This week in Rich Men Reads, we are showcasing a completely different caliber of rich guy, compared to last time, where we talked about the reading habits of Bill Gates.
His name is Nassim Taleb, and even though he might not be insanely rich like our former subject, I want to talk about him, because he is one of my favorite authors of all time – plus, he claims to have, what he calls, f*ck-you-money in the bank.
I like to refer to Nassim as a tough guy academic. He is remarkably smart, but still a testosterone bomb on legs, making mafia references and always writing about how he hates nerds and “empty suits” – business men with no flavor or soul.
The badass attitude he’s got, might stem from growing up in a country that, at the time, was plagued by civil war (Lebanon), and later on migrating to the states to become an options trader on Wall Street. A sound recipe for toughguysness!
At a young age, Nassim decided that he wanted to become a philosopher. So he began buying books “wholesale”, and read like a mad person in his parent’s basement, while bombs were dropping on the streets of Beirut.
As I said, before becoming a bonafide philosopher, he made a pit stop on Wall Street, where I think he formed the foundation for most of his bigger ideas i.e. The Black Swan and Antifragility, since they are rooted in risk management, statistics/mathematics and business.
On Wall Street, he also made his first fortune, by betting on the market crash of 1987. Afterwards he sold several millions of copies of his books (especially The Black Swan), and now he works as scholar in NY, researching risk.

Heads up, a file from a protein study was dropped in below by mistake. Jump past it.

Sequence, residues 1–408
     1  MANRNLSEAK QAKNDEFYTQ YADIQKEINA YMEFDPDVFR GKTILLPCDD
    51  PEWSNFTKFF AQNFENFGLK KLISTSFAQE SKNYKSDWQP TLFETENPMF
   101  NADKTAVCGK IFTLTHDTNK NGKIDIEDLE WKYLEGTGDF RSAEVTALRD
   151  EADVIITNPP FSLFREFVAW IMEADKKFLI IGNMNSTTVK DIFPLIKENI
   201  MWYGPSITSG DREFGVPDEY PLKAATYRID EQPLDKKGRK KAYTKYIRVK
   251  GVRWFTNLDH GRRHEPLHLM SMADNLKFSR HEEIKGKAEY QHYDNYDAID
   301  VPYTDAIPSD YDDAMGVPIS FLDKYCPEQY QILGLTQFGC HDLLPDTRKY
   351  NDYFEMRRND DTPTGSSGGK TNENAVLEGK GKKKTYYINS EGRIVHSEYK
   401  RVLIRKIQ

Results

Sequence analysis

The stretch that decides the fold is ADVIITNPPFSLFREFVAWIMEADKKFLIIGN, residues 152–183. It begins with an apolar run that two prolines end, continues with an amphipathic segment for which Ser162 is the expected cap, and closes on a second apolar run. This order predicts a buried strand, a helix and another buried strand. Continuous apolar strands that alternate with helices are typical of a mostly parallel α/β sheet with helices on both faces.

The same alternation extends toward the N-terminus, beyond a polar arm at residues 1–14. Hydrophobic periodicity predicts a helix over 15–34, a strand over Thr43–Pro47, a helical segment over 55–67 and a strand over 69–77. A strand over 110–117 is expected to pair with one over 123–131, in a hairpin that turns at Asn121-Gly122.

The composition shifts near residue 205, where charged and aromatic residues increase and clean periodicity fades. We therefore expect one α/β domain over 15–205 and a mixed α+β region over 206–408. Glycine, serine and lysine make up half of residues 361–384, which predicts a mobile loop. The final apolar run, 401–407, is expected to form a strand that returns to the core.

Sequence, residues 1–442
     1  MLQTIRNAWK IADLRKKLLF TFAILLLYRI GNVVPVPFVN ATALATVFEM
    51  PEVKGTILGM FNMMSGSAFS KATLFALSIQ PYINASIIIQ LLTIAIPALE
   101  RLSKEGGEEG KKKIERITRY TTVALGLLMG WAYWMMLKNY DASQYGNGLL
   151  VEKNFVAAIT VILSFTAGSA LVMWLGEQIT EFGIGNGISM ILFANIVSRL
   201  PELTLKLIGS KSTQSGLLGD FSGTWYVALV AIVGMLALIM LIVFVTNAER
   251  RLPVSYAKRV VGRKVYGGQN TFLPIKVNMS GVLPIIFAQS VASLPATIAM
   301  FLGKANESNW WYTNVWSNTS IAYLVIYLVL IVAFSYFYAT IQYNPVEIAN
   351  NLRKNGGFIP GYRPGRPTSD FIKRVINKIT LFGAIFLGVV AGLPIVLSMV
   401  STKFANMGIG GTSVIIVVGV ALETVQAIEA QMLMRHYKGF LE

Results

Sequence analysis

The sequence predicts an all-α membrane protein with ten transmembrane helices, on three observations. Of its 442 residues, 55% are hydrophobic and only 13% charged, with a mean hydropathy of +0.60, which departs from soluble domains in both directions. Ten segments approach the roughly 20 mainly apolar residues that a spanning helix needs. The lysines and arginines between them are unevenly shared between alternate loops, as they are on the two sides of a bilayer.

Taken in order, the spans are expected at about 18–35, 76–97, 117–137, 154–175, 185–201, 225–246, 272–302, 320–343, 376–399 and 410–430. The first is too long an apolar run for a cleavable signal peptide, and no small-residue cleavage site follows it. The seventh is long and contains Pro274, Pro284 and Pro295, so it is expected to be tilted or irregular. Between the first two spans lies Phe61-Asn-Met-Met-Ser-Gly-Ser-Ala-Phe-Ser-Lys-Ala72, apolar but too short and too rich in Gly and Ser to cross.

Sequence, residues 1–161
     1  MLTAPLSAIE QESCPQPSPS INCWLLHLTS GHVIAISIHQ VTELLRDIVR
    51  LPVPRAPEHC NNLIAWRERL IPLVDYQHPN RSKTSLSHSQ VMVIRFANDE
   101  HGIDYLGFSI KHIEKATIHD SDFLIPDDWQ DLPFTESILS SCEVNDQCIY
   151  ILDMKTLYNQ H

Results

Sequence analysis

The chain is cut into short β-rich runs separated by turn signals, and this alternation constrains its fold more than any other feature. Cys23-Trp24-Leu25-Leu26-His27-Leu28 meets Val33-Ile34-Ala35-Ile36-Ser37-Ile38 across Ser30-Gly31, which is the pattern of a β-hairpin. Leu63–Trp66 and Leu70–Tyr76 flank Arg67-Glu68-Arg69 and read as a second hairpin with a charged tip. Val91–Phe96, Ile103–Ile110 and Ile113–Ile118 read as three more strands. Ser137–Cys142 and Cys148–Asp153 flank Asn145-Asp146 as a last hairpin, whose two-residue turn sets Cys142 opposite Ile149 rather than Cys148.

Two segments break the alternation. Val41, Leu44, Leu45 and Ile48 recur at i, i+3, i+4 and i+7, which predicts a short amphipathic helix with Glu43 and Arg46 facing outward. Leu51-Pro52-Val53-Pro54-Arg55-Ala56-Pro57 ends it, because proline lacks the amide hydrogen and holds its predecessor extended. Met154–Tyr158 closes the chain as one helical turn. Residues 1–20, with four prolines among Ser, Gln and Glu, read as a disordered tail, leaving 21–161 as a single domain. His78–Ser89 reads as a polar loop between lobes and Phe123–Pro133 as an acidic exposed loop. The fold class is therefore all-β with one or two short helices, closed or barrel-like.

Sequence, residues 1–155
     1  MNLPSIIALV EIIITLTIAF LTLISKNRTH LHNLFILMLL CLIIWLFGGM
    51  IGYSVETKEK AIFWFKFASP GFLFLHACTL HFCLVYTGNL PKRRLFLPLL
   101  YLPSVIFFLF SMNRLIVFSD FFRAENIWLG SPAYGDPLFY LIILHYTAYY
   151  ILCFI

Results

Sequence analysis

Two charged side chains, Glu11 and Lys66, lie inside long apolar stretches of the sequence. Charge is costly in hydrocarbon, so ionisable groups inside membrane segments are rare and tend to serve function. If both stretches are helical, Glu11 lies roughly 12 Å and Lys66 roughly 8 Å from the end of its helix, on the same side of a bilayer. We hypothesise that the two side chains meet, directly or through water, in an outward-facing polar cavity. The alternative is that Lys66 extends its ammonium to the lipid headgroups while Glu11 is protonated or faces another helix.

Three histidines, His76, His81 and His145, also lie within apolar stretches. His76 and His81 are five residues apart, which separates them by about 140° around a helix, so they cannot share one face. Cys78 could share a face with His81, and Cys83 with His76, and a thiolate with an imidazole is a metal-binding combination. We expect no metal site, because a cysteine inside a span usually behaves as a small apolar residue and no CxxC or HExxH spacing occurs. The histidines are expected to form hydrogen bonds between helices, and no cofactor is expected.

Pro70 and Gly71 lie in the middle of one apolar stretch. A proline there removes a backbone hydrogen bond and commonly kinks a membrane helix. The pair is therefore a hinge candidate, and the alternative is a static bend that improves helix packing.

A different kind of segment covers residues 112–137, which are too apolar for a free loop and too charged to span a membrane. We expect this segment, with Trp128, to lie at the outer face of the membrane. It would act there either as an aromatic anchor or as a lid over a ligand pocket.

Nassim and books
There is a great section in The Black Swan, where Nassim describes his physical connection to literature. To him, there is a lot more to a book, than what the letters in it says. The physical feel, the weight and especially the smell of a book is part of his reading experience.
Here is a great tweet he made, that underscores this point:
He prefers to read the classics, about older ideas. He says that you might be wasting your time on newer books and ideas, as they haven’t yet stood the test of time. Even science is constantly changing, but it is pretty certain that Plato will still be relevant in 50 years.
This idea goes hand in hand with a phenomenon he talks about called The Lindy Effect. The Lindy Effect says: the older something non-perishable is, the longer its life expectancy, averagely speaking.
It sounds crazy, but we might not be using the internet in a 100 years from now. However, it is very likely that we will still be using chairs.
So read the classics!
You can’t deny that a part of Nassim’s success can be attributed to his habit of reading as much as he does. Forecasting a financial crisis as he did (twice), requires a grand perspective and a good understanding of history – something we also talked about with Bill Gates.
Furthermore, the big ideas he has come up with, has made him a well-respected thought leader in the field of risk management. But all he really has done, is connecting lots of old ideas of thought leaders of the past, and framed them in a new way. He couldn’t have done that without reading about them first.
Once again, a dedicated reader has become an inspiring rich guys, which should be great motivation for reading on for the rest of us. Thank you for visiting my blog!